He told RTÉ that if the new hospital was forced to follow the religious order’s ethical code, it wouldn’t provide sterilisation, infertility treatment, gender-reassignment surgery and abortion.
According to the Religious Sisters of Charity, the new hospital group will now comply with national and international best practice guidelines on medical ethics and the laws of the Republic of Ireland.
They also revealed that for the last two years they have been actively working to find the best way to relinquish their shareholding of the St Vincent’s Healthcare Group (SVHG).
The group includes three hospitals: St Vincent’s University Hospital, St Vincent’s Private Hospital and St Michael’s Hospital, Dun Laoghaire.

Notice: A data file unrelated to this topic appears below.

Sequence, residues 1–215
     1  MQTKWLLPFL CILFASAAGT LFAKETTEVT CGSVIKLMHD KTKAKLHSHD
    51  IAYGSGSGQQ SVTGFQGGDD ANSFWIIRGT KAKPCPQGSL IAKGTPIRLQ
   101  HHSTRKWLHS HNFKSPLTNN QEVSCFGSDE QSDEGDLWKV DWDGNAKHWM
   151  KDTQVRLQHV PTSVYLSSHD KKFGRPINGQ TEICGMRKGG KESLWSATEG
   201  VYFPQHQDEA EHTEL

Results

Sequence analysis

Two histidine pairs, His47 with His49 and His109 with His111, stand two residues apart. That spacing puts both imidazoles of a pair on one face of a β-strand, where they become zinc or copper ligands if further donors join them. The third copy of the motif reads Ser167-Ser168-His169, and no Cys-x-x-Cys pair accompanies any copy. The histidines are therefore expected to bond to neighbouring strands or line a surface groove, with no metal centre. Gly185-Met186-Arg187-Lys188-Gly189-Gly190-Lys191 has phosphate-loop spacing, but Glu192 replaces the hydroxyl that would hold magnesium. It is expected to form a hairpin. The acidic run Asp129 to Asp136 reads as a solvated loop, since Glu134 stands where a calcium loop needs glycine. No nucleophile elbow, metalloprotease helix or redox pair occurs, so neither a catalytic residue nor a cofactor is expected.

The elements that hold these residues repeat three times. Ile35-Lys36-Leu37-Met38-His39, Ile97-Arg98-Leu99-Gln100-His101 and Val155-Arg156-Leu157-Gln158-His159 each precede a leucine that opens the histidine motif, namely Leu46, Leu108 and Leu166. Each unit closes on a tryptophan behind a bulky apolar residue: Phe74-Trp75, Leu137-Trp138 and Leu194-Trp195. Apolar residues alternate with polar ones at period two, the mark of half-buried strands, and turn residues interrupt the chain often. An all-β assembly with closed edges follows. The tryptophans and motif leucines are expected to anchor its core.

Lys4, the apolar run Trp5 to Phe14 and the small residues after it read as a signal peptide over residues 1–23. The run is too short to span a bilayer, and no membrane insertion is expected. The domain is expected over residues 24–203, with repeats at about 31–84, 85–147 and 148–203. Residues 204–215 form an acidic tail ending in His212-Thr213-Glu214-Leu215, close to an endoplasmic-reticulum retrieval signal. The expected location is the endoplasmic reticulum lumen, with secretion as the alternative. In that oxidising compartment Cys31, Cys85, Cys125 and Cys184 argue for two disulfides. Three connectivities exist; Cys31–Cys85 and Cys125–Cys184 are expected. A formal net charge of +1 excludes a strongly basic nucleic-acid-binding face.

“Upon completion of this proposed transaction, the requirement set out in the SVHG Constitution, to conduct and maintain the SVHG facilities in accordance with The Religious Sisters of Charity Health Service Philosophy and Ethical Code, will be amended and replaced to reflect compliance with national and international best practice guidelines on medical ethics and the laws of the Republic of Ireland,” the congregation stated.
They said the SVHG Board, management and staff will continue to provide acute healthcare services that foster Mary Aikenhead’s core values of dignity, compassion, justice, quality and advocacy.
“They will ensure that the three hospitals in SVHG can continue to meet the needs of their patients and families, so that every individual can always access the care and treatment they need to achieve health and well-being.”